Experiences, Dreams, and Visions: Easing the Patient With Cancer Toward End of Life



Dreams have been the subjects of songs and psychoanalysis, puberty and poetry. There are sweet dreams and there are nightmares … and then there are the dreams that comfort the dying. Although the dreams of hospice patients have not been subjected to a great deal of research, one recent study demonstrates that they can be meaningful and comforting for the person who is dying.

End-of-life experiences (ELEs) occur frequently in people who are near death and can take different forms.1 End-of-life dreams and visions (ELDVs) are one type of ELE.2 These often manifest as visions that occur during a wakeful state, or dreams that the patient remembers after sleeping.


Christopher W. Kerr, MD, PhD, and colleagues at the Center for Hospice and Palliative Care in Cheektowaga, New York, in partnership with James P. Donnelly, PhD, of Canisius College, Buffalo, New York, undertook a study to document ELE phenomena in patients at the facility. As part of the study design, they examined the content and subjective significance of ELDVs, and related their prevalence, content, and significance over time until the patient’s death.1

tumblr_nu422woJmN1r1vfbso1_500The study included 59 patients ranging in age from 34 to 99 years who were in their last weeks of life. The patients were interviewed daily about their dreams and visions while they were in the hospice inpatient unit. They were asked to report on the content, frequency, and comfort level of their ELDVs. If it was possible to continue the interviews after a patient was discharged, the interview was conducted at the patient’s home or at the facility to which the patient was transferred. The researchers met with the patients each day until they died, were unable to communicate, found communication too stressful, or until the patient became delirious.1

Of the 59 patients in the study, 52 (88.1%) reported having at least 1 dream or vision. Almost half of the dreams or visions (45.3%) occurred while the patient was sleeping, 15.7% occurred while the patient was awake, and 39.1% occurred during both sleep and wakefulness. The patients reported that nearly all ELDV events (99%) seemed or felt real. Most patients reported a single ELDV each day (81.4%); some reports were of 2 (13.2%), 3 (4.1%), or 4 events (1.4%) on other days.1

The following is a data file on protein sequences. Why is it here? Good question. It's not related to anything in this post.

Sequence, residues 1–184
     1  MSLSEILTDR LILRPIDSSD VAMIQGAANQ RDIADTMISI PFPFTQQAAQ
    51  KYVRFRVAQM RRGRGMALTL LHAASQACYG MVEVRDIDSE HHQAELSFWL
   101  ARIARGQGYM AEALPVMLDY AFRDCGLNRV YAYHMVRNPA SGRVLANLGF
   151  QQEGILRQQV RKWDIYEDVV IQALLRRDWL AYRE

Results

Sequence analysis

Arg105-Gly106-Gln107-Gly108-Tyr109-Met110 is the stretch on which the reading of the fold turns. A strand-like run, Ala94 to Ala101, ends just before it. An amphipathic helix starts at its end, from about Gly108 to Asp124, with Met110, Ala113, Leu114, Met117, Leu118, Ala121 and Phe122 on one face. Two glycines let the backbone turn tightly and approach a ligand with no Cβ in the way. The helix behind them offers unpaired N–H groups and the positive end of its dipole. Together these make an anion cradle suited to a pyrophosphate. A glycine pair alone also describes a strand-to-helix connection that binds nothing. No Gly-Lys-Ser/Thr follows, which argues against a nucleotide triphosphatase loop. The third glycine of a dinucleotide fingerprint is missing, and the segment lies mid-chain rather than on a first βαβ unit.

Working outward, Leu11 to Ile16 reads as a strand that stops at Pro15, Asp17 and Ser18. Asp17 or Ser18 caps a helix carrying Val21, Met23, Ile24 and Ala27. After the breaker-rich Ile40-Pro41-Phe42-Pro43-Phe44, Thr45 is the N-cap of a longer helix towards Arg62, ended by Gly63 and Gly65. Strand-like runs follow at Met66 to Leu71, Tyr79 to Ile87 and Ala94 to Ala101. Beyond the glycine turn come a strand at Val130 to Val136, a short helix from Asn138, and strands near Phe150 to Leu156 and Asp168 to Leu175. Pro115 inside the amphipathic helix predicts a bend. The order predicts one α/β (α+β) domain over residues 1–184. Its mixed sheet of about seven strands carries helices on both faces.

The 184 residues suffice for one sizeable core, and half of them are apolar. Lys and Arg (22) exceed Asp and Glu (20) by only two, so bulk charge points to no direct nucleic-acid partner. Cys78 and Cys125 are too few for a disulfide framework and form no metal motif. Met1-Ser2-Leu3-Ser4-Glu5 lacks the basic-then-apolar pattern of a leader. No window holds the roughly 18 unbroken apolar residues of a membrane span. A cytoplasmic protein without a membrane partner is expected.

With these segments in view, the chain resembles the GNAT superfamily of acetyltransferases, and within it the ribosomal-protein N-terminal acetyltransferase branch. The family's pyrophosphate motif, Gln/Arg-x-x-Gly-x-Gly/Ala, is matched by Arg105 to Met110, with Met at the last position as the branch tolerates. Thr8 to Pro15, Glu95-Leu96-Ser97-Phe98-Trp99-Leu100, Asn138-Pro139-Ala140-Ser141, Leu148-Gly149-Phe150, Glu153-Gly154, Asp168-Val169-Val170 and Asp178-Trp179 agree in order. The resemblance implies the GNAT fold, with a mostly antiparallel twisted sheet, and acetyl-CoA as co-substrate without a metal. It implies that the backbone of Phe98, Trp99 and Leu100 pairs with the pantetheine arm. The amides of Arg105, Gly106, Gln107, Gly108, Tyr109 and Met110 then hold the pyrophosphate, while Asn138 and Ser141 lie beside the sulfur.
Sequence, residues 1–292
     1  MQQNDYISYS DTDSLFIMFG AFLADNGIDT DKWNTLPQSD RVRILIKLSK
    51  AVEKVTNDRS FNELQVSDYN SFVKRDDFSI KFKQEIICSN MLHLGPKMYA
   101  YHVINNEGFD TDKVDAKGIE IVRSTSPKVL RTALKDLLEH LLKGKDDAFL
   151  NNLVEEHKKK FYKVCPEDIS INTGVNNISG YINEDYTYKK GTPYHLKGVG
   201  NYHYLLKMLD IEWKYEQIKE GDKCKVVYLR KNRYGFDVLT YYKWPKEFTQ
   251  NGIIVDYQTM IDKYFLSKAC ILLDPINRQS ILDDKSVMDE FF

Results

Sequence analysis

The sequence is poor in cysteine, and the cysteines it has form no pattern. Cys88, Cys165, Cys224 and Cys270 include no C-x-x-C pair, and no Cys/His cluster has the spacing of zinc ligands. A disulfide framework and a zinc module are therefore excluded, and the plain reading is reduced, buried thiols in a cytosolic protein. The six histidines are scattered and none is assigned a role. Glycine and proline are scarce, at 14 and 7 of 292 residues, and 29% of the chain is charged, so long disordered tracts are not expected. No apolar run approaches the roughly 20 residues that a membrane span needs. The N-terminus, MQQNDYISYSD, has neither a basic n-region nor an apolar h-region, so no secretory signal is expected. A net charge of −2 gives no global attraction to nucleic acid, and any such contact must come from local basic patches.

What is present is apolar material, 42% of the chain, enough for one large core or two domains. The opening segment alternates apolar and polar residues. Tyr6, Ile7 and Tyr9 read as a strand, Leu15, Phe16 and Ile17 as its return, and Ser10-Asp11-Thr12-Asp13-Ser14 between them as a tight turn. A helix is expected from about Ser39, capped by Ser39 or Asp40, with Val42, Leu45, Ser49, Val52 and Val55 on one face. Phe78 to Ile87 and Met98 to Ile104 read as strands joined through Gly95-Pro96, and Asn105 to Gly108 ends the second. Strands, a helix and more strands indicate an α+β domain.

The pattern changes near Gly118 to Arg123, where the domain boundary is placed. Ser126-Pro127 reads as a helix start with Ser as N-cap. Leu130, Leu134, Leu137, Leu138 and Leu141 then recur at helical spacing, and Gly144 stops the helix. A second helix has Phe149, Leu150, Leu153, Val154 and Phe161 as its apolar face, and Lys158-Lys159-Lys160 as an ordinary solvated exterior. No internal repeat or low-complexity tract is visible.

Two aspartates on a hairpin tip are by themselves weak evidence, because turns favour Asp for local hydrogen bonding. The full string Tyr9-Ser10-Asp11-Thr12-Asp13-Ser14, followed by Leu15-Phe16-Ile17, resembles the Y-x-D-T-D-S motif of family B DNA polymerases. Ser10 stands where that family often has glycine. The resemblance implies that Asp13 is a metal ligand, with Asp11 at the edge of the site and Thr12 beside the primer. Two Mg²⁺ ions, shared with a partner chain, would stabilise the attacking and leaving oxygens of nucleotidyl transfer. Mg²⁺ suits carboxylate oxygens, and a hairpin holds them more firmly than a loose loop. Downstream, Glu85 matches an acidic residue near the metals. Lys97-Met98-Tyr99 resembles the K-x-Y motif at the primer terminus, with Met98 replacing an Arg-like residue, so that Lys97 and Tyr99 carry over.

The patients rated the degree of comfort or distress they associated with their ELDVs on a scale of 1 to 5, with 1 meaning extremely distressing and 5 meaning extremely comforting. The mean comfort rating for all dreams and visions was 3.59, with patients rating 60.3% of ELDVs as comforting or extremely comforting, 18.8% rated as distressing or extremely distressing, and 20.7% rated their dreams as neither comforting nor distressing.1

The patients felt that their dreams and visions were realistic, whether they occurred during sleep or while awake. They related dreams and visions of past meaningful experiences and reunions with loved ones who had already died, and who reassured and guided them. Others reported feeling as if they were preparing to go somewhere.1 The researchers noted that often patients’ dreams before dying were so intense that the dream continued from sleep to wakefulness, seeming to be reality. However, those patients who had ELDVs died peacefully and calmly.1tumblr_nnbt0hGiMC1qb47plo1_540

The most common dreams and visions included friends and relatives, either living or deceased. The patients found that dreams and visions that featured the deceased (friends, relatives, and animals/pets) were significantly more comforting than those of the living, of the living and deceased combined, or of other people and experiences. As participants approached death, comforting dreams and visions of the deceased became more prevalent.1


Clinicians should note that ELDVs are not hallucinations, and they are not the result of medications or confusion. These phenomena play an important role. Their content holds great meaning to the patient who nears the end of life. Patients who experience these phenomena are not delirious; they think clearly and are aware of their surroundings. In contrast to patients who are in a state of delirium, ELDVs typically occur in persons who have clear consciousness, heightened acuity, and awareness of their surroundings.

Although the phenomena bring a sense of impending death, they also evoke acceptance and inner peace. These are crucial distinctions, since if a dying patient with ELDVs is considered delirious and is treated as such, the medication may interfere with the comforting experience that ELDVs can bring to the dying process. Not being able to derive that comfort at the very end of life could lead to isolation and unnecessary suffering for the dying patient.

Oncology nurses and other clinicians can play an important role in the dying process by not assuming that the patient experiencing ELDVs is delirious and needs more medication.

“The results of this study suggest that a person’s fear of death often diminishes as a direct result of ELDVs, and what arises is a new insight into mortality. The emotional impact is so frequently positive, comforting, and paradoxically life affirming,” the hospice team explains.1 The person is dying physically but emotionally and spiritually, their identity remains present as manifested by dreams/visions.

“In this way, ELDVs do not deny death, but in fact, transcend the dying experience, and present a therapeutic opportunity for clinicians to assist patients and their families in the transition from life to death, thereby providing comfort and closure.”1


1. Kerr CW, Donnelly JP, Wright ST, et al. End-of-life dreams and visions: a longitudinal study of hospice patients’ experiences. J Palliat Med. 2014;17(3):296-303.

Complete Article HERE!

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